From the company's early days, users who pull up Google's search engine are periodically greeted with an unexpected bit of art on the otherwise uncluttered page. Known as "doodles," the artistically altered logos celebrate nationally and culturally significant days, according to Google web designer Ryan Germick, a San Francisco resident.
Starting Friday, Google users around the world will be seeing a series of stylized logos celebrating the Winter Olympics and Valentine's Day, the latest work by the Mountain View team responsible for corporate doodles.
Some are rather obscure, like Norman Rockwell's birthday or the 400th anniversary of Galileo's telescope. Major holidays are certainly included, but the artists try to come up with creative ways to portray, say, Valentine's Day or Thanksgiving.
"We're not above showing hearts and turkeys, but as artists we want to push ourselves creatively and do something cool," he said.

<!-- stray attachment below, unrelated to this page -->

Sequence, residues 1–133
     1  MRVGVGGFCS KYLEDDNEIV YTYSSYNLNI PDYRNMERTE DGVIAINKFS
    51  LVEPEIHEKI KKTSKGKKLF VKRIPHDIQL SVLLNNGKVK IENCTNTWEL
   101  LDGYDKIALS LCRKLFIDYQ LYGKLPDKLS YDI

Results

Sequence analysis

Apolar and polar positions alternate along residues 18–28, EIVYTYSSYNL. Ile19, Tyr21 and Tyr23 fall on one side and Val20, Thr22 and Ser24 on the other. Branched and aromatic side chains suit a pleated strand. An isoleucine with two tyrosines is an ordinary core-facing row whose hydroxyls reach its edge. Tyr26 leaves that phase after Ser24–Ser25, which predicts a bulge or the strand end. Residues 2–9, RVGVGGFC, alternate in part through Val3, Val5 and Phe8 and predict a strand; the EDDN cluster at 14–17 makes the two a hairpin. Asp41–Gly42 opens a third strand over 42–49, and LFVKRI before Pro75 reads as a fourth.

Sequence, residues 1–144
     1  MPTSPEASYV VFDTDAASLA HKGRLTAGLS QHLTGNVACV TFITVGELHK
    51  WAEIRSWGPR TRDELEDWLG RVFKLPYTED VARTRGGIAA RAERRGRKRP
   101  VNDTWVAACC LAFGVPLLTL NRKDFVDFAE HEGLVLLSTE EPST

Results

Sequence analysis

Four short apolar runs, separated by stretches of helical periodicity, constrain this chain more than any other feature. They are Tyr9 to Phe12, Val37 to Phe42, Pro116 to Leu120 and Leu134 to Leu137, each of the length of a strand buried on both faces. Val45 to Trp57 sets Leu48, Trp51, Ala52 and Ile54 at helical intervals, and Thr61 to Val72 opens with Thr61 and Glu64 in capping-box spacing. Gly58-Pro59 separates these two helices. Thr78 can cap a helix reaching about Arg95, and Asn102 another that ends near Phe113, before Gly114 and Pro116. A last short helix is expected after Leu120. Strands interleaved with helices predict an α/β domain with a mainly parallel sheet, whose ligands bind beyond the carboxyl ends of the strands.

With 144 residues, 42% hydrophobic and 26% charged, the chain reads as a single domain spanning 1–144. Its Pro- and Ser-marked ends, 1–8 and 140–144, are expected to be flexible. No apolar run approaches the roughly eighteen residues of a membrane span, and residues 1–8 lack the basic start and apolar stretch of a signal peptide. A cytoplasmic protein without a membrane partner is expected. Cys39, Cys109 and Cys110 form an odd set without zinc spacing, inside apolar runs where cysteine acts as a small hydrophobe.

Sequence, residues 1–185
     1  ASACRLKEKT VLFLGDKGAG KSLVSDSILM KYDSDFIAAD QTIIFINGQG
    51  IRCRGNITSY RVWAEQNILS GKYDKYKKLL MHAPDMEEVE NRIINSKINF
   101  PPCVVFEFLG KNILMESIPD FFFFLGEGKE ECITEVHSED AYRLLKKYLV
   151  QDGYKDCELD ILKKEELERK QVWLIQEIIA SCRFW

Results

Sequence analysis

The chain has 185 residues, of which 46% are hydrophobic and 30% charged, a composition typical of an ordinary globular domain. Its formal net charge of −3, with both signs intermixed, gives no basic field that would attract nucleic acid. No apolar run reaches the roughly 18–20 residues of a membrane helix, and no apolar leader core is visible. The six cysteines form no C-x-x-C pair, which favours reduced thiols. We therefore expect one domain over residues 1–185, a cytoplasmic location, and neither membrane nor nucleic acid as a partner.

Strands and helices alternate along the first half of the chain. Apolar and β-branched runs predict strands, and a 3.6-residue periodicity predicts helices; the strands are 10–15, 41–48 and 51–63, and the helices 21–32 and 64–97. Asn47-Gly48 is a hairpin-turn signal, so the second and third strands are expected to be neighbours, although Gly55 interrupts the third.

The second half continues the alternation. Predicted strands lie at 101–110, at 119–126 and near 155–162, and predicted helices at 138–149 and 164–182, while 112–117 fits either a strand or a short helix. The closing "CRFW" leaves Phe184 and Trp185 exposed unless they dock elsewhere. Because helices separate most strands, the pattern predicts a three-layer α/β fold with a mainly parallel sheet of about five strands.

An illustrator by training, Germick, 29, is part of a small band of Google employees known as "doodlers." When he's not developing logos or doing other graphic and Web work for the Mountain View-based company, Germick is doodling.
The doodles show up a few times a month on Google pages in different countries. One appears somewhere in the world about every other day, Germick said. "We like to mix it up."
The genesis of these ideas is a throwback to Google's grassroots beginnings. Google employees all over the world will send in ideas, such as an Easter Island festival in Chile. The team researches (yes, they Google) the event and often brainstorms ideas together.
Google users also submit ideas, Germick said.
According to company lore, founders Larry Page and Sergey Brin posted the first doodle in 1998. The pair added a little stick figure, inspired by the iconic image of the Burning Man festival. They were leaving town to attend the festival in Northern Nevada and wanted to explain their absence in case the Web site crashed while they were gone.
The duo later asked then-intern Dennis Hwang to create some art for Bastille Day, and a tradition was born, according to Hwang's posts on Google's official blog.
Since 2008, the company has also offered a doodle contest for U.S. schoolchildren. Students create their own logos and the winner's runs on the site for a day.
Some designs come together off the cuff. The recent discovery of water on the moon prompted an email from a user, and a watery doodle quickly followed. Ideas can be sent to firstname.lastname@example.org.
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